(The XR-8 being demonstrated in a rooftop landing to deliver mail at the Center Philadelphia Post Office in 1945.)
On November 11 1942, the Kellett Autogiro Corporation proposed the U.S. Army Air Force for the development of a twin-rotor helicopter without a tail rotor in order to have a more powerful main rotor. Although this concept was thought to be impossible, the U.S. Army Experimental Engineering Section tested several mock up models and decided to accept the deal made by KAC on January 7 1943. On September 11 1943, a million dollar contract was made for Kellett build two prototypes with three-bladed rotors or a two-bladed system if needed. After some time passed, a design was drawn for a egg-shaped fuselage with one tail fin and a tricycle still undercarriage. The two rotors intermeshed with one another angled at 12 and a half degrees. This rotor design was given the nickname 'Eggbeater." The 22 foot, 7 inch fuselage was made up of steel tubes with metal and fabric sheets as the skin. The nose was made almost entirely glazed.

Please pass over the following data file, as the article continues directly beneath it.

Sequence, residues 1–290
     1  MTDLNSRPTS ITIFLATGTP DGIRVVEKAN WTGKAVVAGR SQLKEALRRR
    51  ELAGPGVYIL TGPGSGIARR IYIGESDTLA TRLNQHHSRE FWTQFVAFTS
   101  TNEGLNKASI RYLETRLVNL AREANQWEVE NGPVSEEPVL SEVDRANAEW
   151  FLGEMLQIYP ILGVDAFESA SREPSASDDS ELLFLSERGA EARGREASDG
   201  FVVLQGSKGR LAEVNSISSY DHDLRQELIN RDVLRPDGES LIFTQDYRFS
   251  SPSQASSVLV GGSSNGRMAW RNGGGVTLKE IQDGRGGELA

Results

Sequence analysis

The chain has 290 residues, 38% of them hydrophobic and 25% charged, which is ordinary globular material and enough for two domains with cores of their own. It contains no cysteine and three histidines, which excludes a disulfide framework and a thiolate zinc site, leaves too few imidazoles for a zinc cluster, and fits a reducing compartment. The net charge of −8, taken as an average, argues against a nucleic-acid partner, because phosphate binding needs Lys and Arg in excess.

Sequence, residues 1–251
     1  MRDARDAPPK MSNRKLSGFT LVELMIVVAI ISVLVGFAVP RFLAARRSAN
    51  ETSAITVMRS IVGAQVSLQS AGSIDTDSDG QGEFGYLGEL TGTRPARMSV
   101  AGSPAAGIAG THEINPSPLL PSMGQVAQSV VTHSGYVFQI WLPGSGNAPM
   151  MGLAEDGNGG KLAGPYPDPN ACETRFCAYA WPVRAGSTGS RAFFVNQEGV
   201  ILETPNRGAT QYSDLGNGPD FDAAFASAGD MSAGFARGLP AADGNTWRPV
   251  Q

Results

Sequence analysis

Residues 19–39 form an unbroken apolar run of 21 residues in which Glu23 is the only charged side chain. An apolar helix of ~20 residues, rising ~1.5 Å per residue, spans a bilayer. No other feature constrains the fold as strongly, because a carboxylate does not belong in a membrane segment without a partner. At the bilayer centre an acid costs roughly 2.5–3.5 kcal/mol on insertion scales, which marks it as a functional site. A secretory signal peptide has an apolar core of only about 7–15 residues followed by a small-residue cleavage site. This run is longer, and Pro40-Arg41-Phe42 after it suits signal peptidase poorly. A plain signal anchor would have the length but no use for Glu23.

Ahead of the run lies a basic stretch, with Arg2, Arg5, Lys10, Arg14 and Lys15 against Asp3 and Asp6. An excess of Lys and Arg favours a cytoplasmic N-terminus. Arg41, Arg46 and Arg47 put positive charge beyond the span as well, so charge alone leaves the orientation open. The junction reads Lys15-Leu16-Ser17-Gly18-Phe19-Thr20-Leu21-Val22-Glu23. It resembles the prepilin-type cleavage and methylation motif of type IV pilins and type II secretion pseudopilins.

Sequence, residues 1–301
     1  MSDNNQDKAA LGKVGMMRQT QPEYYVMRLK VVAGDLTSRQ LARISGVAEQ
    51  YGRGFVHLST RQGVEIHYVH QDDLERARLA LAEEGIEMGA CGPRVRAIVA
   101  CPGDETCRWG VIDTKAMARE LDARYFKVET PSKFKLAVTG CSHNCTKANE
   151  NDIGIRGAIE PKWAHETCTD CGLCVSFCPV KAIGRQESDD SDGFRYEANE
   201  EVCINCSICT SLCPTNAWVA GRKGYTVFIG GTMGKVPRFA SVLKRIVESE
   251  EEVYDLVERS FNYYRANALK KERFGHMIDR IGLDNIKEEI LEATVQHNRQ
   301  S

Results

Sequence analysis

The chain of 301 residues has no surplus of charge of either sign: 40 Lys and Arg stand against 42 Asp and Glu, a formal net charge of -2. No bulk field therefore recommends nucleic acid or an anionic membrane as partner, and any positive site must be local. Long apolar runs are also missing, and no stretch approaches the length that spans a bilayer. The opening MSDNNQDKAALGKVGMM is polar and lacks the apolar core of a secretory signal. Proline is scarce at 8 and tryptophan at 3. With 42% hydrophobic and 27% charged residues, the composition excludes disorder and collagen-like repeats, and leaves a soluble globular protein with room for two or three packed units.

On August 7 1944, Kellet's chief test pilot, Dave Driscoll, made the first flight of the first prototype. It was discovered the helicopter lacked stability but this was solved by adding two extra tail fins. But a more serious problem was then found, a blade from each rotor would collide with each other during flight so the Army Air Force ordered Kellett to make a new rigid rotor design for the XR-8. The two-bladed rotor system was then tried on the second prototype, the XR-8A in early March 1945. However this proved to have a severe vibration problem that could not be fixed without a extensive redesign. The designs for the XR-8B was drawn up but never built. All efforts of development ceased. However, on January 26 1946, the XR-8 was accepted for service trails with the original non-rigid rotors but the project was then canceled quickly afterward. The prototype was sent to the National Air and Space Museum later.